A Somerset Scrapbook (MTCD252) is now available from our MT Records website, and while it follows the same format as our House Dance CD-ROM of 2012, it was a rather simpler project to complete, although it should perhaps be of greater interest to most MT readers. It contains: mini-biographies of nine singers and the texts of 22 of their songs, all also available as MP3 sound files; mini-biographies of nine musicians with 12 of their tunes as MP3 sound files; mini-biographies of five story tellers with 10 of their stories as both text and MP3 files. There are also eight accounts of various Somerset traditions. All of the above are well illustrated by some excellent photographs.
The School was founded in 1951 with two great folklorists: Hamish Henderson and Calum Maclean. Among the first tapes to be deposited were Alan Lomax fieldwork recordings and for over six decades there have been strong links to many Folklore Departments from all over the world. Its Archive contains thousands of unique and irreplaceable recordings, a small number of which have appeared in public for the first time on several Musical Traditions CDs.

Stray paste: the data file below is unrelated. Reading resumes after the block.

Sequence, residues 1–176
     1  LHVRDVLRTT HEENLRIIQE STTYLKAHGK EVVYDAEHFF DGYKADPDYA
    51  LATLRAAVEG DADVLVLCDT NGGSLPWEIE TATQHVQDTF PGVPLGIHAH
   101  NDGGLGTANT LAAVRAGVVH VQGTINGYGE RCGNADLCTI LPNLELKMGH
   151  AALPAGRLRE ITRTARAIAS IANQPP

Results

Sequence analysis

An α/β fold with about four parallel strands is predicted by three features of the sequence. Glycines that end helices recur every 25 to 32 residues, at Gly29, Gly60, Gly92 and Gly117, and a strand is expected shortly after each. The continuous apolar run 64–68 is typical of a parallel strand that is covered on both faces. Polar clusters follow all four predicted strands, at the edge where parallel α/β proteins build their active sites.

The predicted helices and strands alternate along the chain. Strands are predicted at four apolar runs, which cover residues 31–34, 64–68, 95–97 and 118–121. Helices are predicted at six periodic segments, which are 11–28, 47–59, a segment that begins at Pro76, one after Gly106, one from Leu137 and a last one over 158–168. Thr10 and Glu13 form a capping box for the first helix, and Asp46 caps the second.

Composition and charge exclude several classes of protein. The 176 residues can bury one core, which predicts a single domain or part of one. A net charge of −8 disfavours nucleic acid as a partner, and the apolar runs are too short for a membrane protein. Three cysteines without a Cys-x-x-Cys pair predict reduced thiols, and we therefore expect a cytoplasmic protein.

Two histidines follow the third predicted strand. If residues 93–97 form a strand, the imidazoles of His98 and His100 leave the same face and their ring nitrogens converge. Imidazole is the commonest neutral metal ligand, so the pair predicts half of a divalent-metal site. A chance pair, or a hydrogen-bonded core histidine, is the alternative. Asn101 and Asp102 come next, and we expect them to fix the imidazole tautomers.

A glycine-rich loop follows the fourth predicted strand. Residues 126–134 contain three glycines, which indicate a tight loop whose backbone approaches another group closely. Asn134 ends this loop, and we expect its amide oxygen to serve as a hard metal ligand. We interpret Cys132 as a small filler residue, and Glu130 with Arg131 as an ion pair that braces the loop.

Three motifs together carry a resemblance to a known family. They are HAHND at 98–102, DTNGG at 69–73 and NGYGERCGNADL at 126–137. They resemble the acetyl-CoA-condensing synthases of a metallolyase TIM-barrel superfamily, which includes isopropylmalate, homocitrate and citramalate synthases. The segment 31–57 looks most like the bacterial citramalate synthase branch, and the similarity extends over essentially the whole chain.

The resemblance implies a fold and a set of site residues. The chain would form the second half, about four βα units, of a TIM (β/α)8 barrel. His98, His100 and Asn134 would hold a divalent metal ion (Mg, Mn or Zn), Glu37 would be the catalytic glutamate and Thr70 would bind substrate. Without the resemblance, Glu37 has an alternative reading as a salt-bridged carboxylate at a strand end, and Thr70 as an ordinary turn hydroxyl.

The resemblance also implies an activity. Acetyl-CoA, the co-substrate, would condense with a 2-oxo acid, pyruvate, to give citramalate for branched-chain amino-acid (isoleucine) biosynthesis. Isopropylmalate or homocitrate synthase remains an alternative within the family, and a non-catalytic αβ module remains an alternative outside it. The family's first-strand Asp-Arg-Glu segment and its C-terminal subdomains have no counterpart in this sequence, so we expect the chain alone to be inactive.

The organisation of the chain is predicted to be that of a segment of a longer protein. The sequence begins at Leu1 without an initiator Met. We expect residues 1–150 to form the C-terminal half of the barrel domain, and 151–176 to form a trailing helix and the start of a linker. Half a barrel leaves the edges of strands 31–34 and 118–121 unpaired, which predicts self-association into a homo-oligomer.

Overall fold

It seems only a short while ago that concerns regarding the fate of the Peter Kennedy Archive were uppermost in our minds. In my opinion, the School of Scottish Studies Archive is equally important - and equally endangered. And I don't imagine that there will be another Topic Records to ride to the rescue this time.
A student campaign is under way to persuade the University that the School of Scottish Studies and its resources must remain intact and accessible to researchers and the wider public. You can add your name to the campaign by following this link and signing the Change.org petition.